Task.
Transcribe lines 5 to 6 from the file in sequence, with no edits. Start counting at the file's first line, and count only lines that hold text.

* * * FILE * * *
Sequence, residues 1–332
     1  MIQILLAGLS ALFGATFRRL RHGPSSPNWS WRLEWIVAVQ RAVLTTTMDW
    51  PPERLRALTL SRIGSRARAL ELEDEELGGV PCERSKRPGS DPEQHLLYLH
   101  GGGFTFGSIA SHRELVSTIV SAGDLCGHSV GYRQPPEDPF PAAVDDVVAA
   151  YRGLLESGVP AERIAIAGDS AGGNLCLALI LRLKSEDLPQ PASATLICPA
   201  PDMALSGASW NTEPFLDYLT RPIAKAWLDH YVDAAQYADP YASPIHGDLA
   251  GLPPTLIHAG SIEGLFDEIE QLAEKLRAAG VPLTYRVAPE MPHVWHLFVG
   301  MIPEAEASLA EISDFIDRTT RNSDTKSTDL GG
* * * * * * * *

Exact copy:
   151  YRGLLESGVP AERIAIAGDS AGGNLCLALI LRLKSEDLPQ PASATLICPA
   201  PDMALSGASW NTEPFLDYLT RPIAKAWLDH YVDAAQYADP YASPIHGDLA